Nothing new here
This is not an essay. I suppose that the next instalment could tie the large number of disparate strands together neatly into a coherent conclusion, but frankly I doubt it.
Spending the first five paragraphs telling us how it's important not to just rant and complain about things, and then spend the whole of the rest of the piece doing just that doesn't help, but what really sinks this is the lack of focus. We have...
- NASA tried to cover up after the Challenger disaster
- Ships should have more safety features
- Rioters and politicians are both bad
- We have an underclass
- The Church is hypocritical
- News corp is in bed with the government
- The Beeb turned a blink eye to child abuse
- Economists know nothing
- There will be more financial crises
- To much greed can ruin a good thing
- IBM sold stuff to the Nazis (indirectly)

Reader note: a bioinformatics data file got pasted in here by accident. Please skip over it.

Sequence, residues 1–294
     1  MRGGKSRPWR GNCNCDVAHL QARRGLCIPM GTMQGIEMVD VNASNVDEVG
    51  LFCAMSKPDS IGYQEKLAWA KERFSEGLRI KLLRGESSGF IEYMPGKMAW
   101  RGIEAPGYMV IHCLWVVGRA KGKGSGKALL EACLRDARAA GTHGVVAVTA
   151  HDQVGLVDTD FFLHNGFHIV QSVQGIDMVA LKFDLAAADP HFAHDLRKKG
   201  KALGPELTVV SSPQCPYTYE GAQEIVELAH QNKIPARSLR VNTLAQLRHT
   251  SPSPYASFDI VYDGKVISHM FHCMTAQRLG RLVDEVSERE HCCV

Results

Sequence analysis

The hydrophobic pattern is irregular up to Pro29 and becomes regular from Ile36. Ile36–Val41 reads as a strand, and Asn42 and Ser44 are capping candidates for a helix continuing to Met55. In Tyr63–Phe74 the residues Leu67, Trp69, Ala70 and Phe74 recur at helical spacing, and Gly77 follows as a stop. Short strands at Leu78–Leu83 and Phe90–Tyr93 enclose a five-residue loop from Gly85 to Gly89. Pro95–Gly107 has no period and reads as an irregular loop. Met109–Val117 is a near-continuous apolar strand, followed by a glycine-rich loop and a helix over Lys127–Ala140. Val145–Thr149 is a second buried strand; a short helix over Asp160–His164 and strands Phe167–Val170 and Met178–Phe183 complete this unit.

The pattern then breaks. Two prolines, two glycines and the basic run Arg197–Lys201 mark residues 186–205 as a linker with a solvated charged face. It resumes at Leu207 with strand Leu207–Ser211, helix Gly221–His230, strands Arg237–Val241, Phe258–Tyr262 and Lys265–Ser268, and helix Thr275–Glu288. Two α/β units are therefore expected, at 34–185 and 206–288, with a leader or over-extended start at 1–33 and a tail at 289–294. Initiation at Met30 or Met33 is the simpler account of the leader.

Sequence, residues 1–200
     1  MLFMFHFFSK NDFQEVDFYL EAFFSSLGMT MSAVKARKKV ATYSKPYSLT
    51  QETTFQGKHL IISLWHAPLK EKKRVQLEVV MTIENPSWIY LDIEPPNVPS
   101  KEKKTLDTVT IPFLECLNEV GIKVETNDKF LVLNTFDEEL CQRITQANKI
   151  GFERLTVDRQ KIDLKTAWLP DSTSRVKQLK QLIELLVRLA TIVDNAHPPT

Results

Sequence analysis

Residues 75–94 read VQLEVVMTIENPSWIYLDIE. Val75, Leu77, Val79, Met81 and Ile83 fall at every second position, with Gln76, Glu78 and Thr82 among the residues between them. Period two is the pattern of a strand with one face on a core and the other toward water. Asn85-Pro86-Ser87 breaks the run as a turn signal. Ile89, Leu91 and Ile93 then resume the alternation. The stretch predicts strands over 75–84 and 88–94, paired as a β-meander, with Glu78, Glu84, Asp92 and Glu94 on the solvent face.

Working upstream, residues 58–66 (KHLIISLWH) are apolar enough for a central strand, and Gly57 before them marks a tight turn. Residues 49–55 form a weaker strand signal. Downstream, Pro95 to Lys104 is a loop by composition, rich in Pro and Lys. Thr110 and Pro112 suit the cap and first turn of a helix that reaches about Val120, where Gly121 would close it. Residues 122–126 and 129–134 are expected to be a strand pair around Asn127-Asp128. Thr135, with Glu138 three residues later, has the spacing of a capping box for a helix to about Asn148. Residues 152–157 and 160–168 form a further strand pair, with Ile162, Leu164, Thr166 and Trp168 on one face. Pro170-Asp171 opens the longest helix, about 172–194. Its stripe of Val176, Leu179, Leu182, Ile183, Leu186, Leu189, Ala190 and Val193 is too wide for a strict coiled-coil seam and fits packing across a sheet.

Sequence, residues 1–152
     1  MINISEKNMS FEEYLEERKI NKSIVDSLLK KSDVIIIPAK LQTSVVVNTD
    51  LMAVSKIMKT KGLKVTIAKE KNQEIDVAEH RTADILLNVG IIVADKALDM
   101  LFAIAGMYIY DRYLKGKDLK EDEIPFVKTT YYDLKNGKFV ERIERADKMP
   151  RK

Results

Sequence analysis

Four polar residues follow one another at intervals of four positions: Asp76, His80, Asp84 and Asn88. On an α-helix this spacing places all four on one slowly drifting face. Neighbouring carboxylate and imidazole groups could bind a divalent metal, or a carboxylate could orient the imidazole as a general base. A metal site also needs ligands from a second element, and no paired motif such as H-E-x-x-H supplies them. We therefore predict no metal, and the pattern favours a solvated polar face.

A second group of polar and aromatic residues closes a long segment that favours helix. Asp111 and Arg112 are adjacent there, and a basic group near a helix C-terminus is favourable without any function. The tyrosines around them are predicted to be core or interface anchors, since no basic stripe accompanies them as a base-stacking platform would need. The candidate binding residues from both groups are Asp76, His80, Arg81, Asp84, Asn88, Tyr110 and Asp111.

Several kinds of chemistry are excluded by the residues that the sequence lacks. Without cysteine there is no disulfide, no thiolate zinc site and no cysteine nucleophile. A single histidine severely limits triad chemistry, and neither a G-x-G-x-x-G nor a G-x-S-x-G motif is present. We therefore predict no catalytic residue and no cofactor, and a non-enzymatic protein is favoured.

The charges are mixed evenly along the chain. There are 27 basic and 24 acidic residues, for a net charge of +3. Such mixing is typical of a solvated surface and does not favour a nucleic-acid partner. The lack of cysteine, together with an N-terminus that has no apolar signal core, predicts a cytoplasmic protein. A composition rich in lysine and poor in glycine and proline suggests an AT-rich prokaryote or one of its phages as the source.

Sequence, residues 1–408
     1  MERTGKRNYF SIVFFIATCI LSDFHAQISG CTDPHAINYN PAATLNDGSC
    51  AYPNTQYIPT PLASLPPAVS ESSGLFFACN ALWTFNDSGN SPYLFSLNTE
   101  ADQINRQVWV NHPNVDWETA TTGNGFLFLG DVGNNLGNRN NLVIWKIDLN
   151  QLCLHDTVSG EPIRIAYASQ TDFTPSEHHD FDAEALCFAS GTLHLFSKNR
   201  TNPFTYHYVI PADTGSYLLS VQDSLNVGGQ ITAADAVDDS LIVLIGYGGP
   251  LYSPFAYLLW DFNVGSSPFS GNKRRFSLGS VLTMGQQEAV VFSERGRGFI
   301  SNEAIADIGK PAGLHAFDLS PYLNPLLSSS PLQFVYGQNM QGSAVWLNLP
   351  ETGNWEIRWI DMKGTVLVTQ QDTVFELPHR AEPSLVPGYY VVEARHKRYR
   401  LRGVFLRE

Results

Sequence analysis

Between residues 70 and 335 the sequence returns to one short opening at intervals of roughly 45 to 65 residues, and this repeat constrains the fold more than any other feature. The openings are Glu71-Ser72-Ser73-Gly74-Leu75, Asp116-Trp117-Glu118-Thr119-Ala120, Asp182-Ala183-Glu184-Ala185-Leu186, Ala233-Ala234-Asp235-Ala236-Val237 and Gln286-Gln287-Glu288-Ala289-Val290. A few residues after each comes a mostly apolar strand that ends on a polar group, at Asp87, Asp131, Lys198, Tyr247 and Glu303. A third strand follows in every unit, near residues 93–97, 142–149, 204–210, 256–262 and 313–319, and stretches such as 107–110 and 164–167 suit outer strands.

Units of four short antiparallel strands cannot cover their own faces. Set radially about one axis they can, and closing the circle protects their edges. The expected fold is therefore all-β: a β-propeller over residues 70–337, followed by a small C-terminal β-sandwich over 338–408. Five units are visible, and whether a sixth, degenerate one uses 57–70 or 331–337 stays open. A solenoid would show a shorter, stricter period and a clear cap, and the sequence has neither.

- The British state wasn't nice to Alan Turing
- The British railway network isn't redundant enough
It all sounds like someone in the pub half way through their third pint after a bad day. And as the author himself says, "one can actually keep going like this, but after a while it becomes tedious".
The only thing that ties all this together, as far as I can tell, are the following claims:
- Organisations serve their own interests first and foremost
- Organisations and individuals are bad at risk assessment
- Organisational change is difficult
- Whistleblowing is dangerous and often ineffective
This is supposed to be new, the defining feature of a "new age", no less. Sorry, but none of this is new. This is standard organisation theory, the study of organisations and bureaucracies and their many disfunctions, and there's a large literature going back at least to the mid-20th century on all this.
Here's hoping that the proposed cure is more interesting than the diagnosis.